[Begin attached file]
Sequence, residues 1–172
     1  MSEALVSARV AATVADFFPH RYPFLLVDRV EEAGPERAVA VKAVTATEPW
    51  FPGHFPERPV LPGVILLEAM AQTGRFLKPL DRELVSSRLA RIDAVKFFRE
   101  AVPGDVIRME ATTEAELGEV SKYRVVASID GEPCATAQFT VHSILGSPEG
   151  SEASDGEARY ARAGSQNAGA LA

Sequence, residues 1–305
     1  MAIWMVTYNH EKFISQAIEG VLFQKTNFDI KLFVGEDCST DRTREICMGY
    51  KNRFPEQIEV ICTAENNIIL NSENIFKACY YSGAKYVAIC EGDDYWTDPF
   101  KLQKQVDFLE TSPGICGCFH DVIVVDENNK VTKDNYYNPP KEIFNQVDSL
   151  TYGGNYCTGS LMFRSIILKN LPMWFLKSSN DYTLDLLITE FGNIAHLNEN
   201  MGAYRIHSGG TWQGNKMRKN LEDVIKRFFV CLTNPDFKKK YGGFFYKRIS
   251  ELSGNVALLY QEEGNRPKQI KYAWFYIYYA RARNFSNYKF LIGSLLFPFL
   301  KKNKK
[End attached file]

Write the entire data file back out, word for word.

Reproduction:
Sequence, residues 1–172
     1  MSEALVSARV AATVADFFPH RYPFLLVDRV EEAGPERAVA VKAVTATEPW
    51  FPGHFPERPV LPGVILLEAM AQTGRFLKPL DRELVSSRLA RIDAVKFFRE
   101  AVPGDVIRME ATTEAELGEV SKYRVVASID GEPCATAQFT VHSILGSPEG
   151  SEASDGEARY ARAGSQNAGA LA

Sequence, residues 1–305
     1  MAIWMVTYNH EKFISQAIEG VLFQKTNFDI KLFVGEDCST DRTREICMGY
    51  KNRFPEQIEV ICTAENNIIL NSENIFKACY YSGAKYVAIC EGDDYWTDPF
   101  KLQKQVDFLE TSPGICGCFH DVIVVDENNK VTKDNYYNPP KEIFNQVDSL
   151  TYGGNYCTGS LMFRSIILKN LPMWFLKSSN DYTLDLLITE FGNIAHLNEN
   201  MGAYRIHSGG TWQGNKMRKN LEDVIKRFFV CLTNPDFKKK YGGFFYKRIS
   251  ELSGNVALLY QEEGNRPKQI KYAWFYIYYA RARNFSNYKF LIGSLLFPFL
   301  KKNKK